The 1989 season for the Montreal Expos was the baseball club's 21st. With owner Charles Bronfman thinking of selling the team he founded, he wanted to take one last shot at a playoff berth. Bronfman gave young general manager Dave Dombrowski a clear mandate to win now, reportedly telling him he had all the financial ressources needed in the quest to bring a championship to Montreal. Dombrowski pulled off a massive trade on May 25, acquiring star left-handed pitcher – and pending free agent – Mark Langston from the Seattle Mariners. While the move was viewed as a coup at the time, it came at a heavy cost as a young, very tall and very raw Randy Johnson was the key part of the package going to the Pacific Northwest. Johnson would eventually harness his fantastic stuff and became one of the g

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  • The 1989 season for the Montreal Expos was the baseball club's 21st. With owner Charles Bronfman thinking of selling the team he founded, he wanted to take one last shot at a playoff berth. Bronfman gave young general manager Dave Dombrowski a clear mandate to win now, reportedly telling him he had all the financial ressources needed in the quest to bring a championship to Montreal. Dombrowski pulled off a massive trade on May 25, acquiring star left-handed pitcher – and pending free agent – Mark Langston from the Seattle Mariners. While the move was viewed as a coup at the time, it came at a heavy cost as a young, very tall and very raw Randy Johnson was the key part of the package going to the Pacific Northwest. Johnson would eventually harness his fantastic stuff and became one of the game's most dominant left-handed pitchers for well over a decade. Still, it seemed like a worthy gamble at the time for the Expos. That year, there was no dominant team in the National League. The team seemed poised to compete for the NL East crown with a loaded starting pitching staff that featured Langston, Dennis Martínez, Bryn Smith, Pascual Perez and Kevin Gross. The team peaked on August 2 with an NL best record of 63-44, holding a 3-game lead in the NL East and everything running along smoothly. What followed would go down as the greatest collapse in franchise history. The next night, a Benny Distefano pinch hit single in the 12th inning dealt the Expos a 1-0 loss in Pittsburgh. It was the start of a 7-game losing streak. The club limped through the rest of August but remained in the race in early September, with the team being only 2 games back of 1st place on September 6. Regardless, the downward spiral continued as the Expos inexplicably ended up losing 37 of their final 55 games to finish the season a disappointing 81-81, well out of the playoff picture. The easiest analysis of the collapse is to point to the offence, which struggled after August 2, scoring an MLB worst 3.23 runs per game. For long-time Expos fans, the collapse is viewed as the beginning of the end of the franchise. If the team makes the playoffs, perhaps even wins the NLCS against a beatable Giants team to make it to the World Series, one can only wonder if Bronfman changes his stance about selling the team and remains the owner. (en)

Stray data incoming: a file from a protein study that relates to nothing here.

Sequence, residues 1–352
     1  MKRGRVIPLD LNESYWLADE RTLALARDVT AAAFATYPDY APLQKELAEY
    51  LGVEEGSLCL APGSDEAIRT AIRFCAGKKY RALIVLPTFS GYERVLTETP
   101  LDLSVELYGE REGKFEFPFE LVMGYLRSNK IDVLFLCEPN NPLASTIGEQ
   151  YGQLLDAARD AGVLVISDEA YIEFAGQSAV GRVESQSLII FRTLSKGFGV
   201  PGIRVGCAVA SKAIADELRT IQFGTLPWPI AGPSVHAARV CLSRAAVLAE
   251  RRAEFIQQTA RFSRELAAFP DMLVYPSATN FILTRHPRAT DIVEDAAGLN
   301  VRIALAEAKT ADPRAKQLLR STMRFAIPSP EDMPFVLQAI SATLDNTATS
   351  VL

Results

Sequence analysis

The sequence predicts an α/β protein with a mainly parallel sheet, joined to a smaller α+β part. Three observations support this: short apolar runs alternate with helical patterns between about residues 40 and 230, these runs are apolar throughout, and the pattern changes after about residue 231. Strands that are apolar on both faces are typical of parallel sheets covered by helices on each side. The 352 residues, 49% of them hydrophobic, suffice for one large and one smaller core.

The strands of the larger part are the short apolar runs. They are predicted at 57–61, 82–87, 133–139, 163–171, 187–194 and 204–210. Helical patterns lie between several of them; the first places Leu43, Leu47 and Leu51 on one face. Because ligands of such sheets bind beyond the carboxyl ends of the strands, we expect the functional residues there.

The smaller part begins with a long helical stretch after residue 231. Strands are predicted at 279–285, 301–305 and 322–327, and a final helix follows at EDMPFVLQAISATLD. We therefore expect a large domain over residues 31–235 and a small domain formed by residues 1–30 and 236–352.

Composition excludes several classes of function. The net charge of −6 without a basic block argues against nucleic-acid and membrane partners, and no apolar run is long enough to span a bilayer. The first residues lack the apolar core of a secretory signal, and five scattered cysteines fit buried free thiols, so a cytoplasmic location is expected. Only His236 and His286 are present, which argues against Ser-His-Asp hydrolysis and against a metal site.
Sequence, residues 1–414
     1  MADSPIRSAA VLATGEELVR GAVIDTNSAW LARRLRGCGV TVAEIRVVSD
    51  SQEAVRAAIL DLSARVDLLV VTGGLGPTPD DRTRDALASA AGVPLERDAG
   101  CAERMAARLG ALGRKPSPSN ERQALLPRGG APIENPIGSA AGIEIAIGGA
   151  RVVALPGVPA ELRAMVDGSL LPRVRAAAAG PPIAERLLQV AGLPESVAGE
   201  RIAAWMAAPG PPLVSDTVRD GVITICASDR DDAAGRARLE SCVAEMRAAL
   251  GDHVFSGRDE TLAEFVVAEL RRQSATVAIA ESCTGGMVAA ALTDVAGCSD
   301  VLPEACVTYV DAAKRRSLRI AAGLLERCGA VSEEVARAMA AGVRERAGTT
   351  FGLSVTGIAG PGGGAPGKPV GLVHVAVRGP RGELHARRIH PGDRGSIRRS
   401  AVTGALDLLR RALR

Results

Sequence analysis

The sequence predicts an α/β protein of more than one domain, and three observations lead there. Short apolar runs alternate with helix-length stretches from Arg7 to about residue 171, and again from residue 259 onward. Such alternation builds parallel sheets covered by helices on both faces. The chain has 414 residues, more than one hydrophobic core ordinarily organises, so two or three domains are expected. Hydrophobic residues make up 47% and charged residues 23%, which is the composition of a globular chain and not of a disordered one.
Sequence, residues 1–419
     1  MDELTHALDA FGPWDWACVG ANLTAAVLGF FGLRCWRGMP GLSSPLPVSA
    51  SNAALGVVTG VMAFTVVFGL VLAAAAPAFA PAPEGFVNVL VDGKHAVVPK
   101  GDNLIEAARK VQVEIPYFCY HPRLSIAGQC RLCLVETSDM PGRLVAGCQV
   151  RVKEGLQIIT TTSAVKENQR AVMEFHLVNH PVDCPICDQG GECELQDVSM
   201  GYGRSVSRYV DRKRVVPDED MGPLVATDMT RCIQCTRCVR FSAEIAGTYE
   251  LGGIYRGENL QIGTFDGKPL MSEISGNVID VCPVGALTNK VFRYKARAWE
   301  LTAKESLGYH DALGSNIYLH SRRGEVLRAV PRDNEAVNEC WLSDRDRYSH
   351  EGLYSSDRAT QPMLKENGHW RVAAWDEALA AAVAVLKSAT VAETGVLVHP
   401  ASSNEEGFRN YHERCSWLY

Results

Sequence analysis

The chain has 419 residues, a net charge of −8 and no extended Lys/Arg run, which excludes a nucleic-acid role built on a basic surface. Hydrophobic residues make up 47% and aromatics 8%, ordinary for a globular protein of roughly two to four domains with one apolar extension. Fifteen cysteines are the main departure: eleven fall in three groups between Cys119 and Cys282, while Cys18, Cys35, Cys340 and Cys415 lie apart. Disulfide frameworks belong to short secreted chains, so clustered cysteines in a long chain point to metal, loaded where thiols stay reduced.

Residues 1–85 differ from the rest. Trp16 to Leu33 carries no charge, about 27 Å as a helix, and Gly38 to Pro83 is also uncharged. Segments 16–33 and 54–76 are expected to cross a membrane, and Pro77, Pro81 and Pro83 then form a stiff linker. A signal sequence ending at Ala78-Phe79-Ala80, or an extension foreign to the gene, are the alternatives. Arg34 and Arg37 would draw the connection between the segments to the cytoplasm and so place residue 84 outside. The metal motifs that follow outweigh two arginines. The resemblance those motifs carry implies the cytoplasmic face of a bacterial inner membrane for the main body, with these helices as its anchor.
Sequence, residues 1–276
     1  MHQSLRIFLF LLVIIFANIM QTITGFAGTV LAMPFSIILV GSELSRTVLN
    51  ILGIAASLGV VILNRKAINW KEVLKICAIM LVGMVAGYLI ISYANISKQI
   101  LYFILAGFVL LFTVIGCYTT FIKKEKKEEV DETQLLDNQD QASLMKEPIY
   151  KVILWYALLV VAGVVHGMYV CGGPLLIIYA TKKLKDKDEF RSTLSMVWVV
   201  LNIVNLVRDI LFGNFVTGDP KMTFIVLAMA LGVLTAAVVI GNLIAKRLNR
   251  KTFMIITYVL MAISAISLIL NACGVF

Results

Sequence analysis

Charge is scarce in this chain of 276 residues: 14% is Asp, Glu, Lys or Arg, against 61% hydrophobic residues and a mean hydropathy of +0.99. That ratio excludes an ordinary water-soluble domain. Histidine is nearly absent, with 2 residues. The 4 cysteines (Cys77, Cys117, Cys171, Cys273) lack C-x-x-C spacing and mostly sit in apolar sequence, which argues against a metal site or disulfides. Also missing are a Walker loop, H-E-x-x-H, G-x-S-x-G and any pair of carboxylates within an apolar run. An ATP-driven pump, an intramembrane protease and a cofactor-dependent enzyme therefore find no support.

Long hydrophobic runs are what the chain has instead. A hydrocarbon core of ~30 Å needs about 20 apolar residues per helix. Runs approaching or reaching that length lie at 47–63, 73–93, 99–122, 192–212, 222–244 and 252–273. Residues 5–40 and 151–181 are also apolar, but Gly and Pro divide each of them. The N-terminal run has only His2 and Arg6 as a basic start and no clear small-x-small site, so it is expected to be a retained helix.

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  • National League
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  • Montreal Expos
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  • 1989 (xsd:integer)
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  • The 1989 season for the Montreal Expos was the baseball club's 21st. With owner Charles Bronfman thinking of selling the team he founded, he wanted to take one last shot at a playoff berth. Bronfman gave young general manager Dave Dombrowski a clear mandate to win now, reportedly telling him he had all the financial ressources needed in the quest to bring a championship to Montreal. Dombrowski pulled off a massive trade on May 25, acquiring star left-handed pitcher – and pending free agent – Mark Langston from the Seattle Mariners. While the move was viewed as a coup at the time, it came at a heavy cost as a young, very tall and very raw Randy Johnson was the key part of the package going to the Pacific Northwest. Johnson would eventually harness his fantastic stuff and became one of the g (en)
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  • 1989 Montreal Expos season (en)
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